Interior pass-rushers who can collapse the pocket are a difficult find in the NFL. Kansas City’s Chris Jones went under the radar because he wasn’t stout against the run, and it’s possible Dre’Mont Jones falls into the second round because of the same disparity between his pass rush and run defense. That would be a mistake if it happens.

    With 8.5 sacks in 2018 despite Nick Bosa missing half the year, Jones proved his first-step explosiveness and quick hands are dangerous traits. Any team looking for a 3-technique who can contribute early on should be interested.

    Projection: 1st-2nd round

       

    Parris Campbell, WR

    It’s debatable who the Buckeyes’ No. 1 receiver was this year, but there’s no question that Parris Campbell was their most explosion option. Similar to Curtis Samuel, Campbell is a player you simply want to get the ball to in open space because of his game-breaking speed and comfort making defenders miss.

    Campbell is not a precise route-runner or possession option yet, but the upside of his touches is huge. It’s a loaded receiver class, which could make Campbell fall. Expect him to post a great combine to help himself.

    Projection: 3rd round

       

    Other Ohio State prospects:

    WR Terry McLaurin, WR Johnnie Dixon, WR K.J. Hill, RB Mike Weber, RT Isaiah Prince, C Michael Jordan, LG Malcolm Pridgeon, DE Nick Bosa (out)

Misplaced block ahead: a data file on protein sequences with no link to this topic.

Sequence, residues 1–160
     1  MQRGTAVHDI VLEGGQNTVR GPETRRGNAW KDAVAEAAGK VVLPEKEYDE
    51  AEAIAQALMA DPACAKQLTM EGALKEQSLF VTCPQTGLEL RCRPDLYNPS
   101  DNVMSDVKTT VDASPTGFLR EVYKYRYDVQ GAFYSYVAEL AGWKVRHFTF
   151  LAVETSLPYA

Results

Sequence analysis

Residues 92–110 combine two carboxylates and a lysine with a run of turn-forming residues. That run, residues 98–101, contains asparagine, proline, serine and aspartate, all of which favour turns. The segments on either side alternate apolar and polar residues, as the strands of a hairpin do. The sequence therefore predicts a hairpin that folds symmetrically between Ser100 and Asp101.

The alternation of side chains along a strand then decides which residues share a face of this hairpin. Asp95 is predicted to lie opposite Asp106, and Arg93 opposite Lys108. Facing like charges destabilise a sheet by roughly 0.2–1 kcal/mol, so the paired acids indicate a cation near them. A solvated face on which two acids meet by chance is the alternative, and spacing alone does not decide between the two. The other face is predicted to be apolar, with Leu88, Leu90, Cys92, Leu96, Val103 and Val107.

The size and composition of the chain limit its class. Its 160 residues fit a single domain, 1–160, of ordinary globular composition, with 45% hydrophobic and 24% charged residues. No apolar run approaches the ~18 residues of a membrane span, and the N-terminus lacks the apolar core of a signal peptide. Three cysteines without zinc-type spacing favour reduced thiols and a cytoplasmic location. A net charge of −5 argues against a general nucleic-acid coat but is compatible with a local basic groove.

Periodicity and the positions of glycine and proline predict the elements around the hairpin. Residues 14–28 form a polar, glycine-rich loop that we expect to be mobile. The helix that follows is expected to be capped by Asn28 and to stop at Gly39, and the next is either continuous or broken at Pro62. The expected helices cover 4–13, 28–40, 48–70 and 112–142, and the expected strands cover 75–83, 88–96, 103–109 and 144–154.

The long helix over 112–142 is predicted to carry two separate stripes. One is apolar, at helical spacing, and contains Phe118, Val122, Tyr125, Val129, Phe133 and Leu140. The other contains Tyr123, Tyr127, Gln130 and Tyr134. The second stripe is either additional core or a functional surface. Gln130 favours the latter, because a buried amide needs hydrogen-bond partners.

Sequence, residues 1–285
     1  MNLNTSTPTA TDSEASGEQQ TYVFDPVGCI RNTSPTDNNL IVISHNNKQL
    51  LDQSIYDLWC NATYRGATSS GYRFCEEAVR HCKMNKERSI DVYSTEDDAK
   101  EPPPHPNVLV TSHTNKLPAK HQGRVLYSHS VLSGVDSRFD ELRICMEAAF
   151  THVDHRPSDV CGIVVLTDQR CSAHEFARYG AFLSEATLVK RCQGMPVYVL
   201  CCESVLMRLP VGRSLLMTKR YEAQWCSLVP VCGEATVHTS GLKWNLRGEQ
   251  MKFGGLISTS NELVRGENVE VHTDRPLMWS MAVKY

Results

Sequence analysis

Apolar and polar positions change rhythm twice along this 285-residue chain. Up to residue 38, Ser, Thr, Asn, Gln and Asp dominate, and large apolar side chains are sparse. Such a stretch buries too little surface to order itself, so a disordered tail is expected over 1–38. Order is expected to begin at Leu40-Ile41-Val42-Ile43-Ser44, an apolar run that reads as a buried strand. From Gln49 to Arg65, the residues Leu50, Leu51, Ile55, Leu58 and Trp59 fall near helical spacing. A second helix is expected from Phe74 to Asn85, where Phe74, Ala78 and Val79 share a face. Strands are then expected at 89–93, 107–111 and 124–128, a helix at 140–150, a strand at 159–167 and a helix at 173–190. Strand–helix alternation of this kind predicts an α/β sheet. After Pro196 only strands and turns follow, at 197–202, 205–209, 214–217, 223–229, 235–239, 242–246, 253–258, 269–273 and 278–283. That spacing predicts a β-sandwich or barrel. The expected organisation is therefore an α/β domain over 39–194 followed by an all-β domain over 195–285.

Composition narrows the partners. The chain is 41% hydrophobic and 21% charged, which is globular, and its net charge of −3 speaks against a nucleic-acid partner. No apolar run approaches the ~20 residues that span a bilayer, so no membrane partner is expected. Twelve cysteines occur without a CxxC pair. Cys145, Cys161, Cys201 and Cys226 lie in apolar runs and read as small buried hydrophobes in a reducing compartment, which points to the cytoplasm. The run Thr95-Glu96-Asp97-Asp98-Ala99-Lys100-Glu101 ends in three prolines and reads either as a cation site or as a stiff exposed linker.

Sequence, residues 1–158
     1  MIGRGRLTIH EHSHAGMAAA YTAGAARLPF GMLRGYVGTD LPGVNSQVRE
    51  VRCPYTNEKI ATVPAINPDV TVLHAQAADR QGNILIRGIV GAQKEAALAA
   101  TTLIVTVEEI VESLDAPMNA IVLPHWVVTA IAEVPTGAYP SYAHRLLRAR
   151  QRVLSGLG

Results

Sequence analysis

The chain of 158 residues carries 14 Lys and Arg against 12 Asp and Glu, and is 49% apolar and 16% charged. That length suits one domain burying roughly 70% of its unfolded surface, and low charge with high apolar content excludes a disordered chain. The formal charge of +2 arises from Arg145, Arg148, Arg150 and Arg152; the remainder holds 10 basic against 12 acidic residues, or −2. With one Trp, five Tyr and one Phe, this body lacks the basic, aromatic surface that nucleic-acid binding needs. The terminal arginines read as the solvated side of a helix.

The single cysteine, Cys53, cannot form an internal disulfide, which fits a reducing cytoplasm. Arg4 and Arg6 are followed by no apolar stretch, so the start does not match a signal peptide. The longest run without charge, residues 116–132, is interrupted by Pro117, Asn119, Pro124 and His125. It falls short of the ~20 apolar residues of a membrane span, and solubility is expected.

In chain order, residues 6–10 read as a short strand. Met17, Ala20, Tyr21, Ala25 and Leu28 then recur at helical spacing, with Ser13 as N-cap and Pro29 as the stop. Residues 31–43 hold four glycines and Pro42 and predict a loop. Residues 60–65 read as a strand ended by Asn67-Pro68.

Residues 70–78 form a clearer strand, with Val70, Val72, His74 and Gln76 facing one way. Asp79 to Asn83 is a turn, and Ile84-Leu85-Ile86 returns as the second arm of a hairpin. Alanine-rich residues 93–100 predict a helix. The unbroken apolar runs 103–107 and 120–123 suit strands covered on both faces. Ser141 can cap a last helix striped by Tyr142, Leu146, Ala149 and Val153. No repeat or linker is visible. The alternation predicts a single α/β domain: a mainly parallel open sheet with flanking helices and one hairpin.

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    Bryan Woolston/Associated Press

    Riley Ridley, WR

    The brother of 2018 first-round pick Calvin Ridley, Riley Ridley could make the jump to the NFL after his junior season. The 6’2″, 200-pound playmaker only had 509 yards in the regular season, but his nine touchdowns speak to his movement ability and upside. He possesses high-end speed and separation ability like his brother.

    Projection: 2nd-3rd round

       

    Elijah Holyfield, RB

    The player with the most to gain is running back Elijah Holyfield. The junior is a powerful runner at 5’11”, 215 pounds. But he’s had limited workload (147 carries) and therefore not as much exposure. If he can perform well against Texas and answer questions about his explosiveness and receiving upside, he could vault up from this projection.

    Projection: 3rd round

       

    D’Andre Walker, Edge

    Senior pass-rusher D’Andre Walker is a game-time decision with a groin injury. The Bulldogs’ leading pass-rusher doesn’t quite have the athleticism or size of previous highly drafted Georgia pass-rushers, but he’s effective as an energy player. His ability to be a complementary rusher will attract suitors.

    Projection: 3rd-4th round